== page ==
Show Preview | Brent Cotton

Santa Fe, NM
Hueys Fine Art, June 1-30

Brent Cotton, Light of the Morning, oil, 16 x 20.

Brent Cotton, Light of the Morning, oil, 16 x 20.

This story was featured in the June 2016 issue of Southwest Art magazine. Get the Southwest Art June 2016 print issue or digital download now–then subscribe to Southwest Art and never miss another story.

“Light is what really captures my eye—scenes and moments that are ethereal, almost spiritual. Light has that effect, and it conjures a range of motion,” says Brent Cotton, whose solo show this month at Hueys Fine Art is entitled Chasing the Light. The show, which features 10 new works, includes an artist’s reception on Friday, June 3, from 5 to 7 p.m.

“He’s found an original quality to his work that you don’t often find in artists today. Many artists haven’t found their own voices,” says gallery owner Keith Huey. “But Brent portrays the inner quality of who he is through his work. He’s tapped into his soul to paint what he paints, and people are drawn to it immediately.”

Cotton is known for painting river scenes and anglers—and it’s no wonder, since he lives near the Bitterroot River in Montana and is himself an avid fly-fisherman. For this show, he has broadened his sources of inspiration, but most of his subjects are found within 10 miles of his home.

Brent Cotton, October Afternoon, oil, 10 x 20.

Brent Cotton, October Afternoon, oil, 10 x 20.

For example, the chickens in his backyard coop caught his eye, and he brings both a small study and a larger studio piece of the scene. He shows a painting of his cat—a subject that marks a true departure for him. “I’m finding that as I mature, some of my inspirations change. Some of the things I’d pass over in the past, now I slow down and take notice of them,” he says. “The cat painting isn’t in my wheelhouse, necessarily, but I still want to pursue that. I don’t want people to pigeonhole me as the guy who paints only fly-fishermen and water, though that’s my passion, and I never want to be rid of that.”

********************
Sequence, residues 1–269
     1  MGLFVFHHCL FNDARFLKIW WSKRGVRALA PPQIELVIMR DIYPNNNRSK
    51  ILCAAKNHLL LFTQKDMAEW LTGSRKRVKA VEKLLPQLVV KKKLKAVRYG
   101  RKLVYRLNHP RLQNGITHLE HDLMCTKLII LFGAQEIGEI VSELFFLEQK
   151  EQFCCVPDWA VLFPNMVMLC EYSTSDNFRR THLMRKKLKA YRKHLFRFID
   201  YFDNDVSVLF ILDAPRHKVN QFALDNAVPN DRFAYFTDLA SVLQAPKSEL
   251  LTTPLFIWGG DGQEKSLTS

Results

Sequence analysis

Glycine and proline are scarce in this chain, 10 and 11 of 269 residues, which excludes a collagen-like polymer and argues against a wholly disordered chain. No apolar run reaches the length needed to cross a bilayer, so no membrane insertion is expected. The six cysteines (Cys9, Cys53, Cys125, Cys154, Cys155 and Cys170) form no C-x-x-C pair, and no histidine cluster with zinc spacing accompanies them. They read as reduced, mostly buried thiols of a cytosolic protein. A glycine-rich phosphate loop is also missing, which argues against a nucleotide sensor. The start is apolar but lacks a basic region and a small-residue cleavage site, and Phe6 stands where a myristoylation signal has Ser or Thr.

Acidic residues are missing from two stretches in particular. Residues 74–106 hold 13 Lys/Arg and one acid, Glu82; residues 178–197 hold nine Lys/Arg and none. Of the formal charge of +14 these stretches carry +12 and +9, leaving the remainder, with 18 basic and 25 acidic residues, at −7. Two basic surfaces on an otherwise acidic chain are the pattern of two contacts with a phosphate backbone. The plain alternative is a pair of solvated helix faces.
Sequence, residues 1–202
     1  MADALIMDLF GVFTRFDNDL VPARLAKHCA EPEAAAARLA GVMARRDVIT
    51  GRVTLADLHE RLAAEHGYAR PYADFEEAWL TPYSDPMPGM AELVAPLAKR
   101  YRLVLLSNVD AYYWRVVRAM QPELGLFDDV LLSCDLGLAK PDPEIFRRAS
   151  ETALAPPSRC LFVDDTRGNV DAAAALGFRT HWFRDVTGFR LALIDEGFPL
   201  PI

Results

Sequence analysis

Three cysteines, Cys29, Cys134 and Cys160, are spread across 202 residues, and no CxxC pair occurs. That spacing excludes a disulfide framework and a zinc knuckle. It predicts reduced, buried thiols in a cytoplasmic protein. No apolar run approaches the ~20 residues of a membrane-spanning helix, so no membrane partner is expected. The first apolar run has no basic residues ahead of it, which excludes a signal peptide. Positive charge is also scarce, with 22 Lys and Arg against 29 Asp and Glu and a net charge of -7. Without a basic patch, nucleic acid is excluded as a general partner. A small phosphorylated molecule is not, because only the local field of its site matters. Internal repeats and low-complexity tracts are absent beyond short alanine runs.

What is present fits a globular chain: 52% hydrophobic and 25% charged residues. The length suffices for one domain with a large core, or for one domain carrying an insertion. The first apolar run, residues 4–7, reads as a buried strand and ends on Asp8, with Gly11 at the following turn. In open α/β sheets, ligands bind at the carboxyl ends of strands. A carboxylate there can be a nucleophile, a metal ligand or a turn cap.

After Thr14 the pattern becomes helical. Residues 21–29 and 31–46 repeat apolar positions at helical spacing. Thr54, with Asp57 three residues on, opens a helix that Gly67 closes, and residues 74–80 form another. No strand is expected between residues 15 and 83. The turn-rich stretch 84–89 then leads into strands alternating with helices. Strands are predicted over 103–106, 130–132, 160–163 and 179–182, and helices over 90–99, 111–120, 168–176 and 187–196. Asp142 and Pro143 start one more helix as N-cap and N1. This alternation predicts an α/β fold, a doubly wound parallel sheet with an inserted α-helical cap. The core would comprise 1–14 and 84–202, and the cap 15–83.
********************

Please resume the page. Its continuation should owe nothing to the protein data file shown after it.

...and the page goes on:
The show also includes winter scenes, one of which demonstrates his recent experimentations with techniques. In LIGHT OF THE MORNING, a diagonal streak of light cuts across the snow, illuminating a group of evergreen trees. For this piece, he painted over another painting he was dissatisfied with. On close inspection, layers of that original effort can still be seen. “I’m letting some of that texture and old painting show through. In the past, I would have covered that up. It’s allowed me to loosen up and go with my instincts, to put down as little paint as possible to convey the scene and the strong light,” he says.

Of course, all of the scenes bear Cotton’s signature approach to painting light, so perfectly rendered that the viewer can feel the warmth of a sunset. “I can convey the mood by witnessing that type of light and atmosphere. I’m trying to capture that, make it believable, and have it strike an emotional chord. I want to create paintings that suck you in from across the room, that make you want to get involved in the paintings,” he says. —Ashley M. Biggers

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Featured in the June 2016 issue of Southwest Art magazine. Get the Southwest Art June 2016 print issue or digital download now–then subscribe to Southwest Art and never miss another story.

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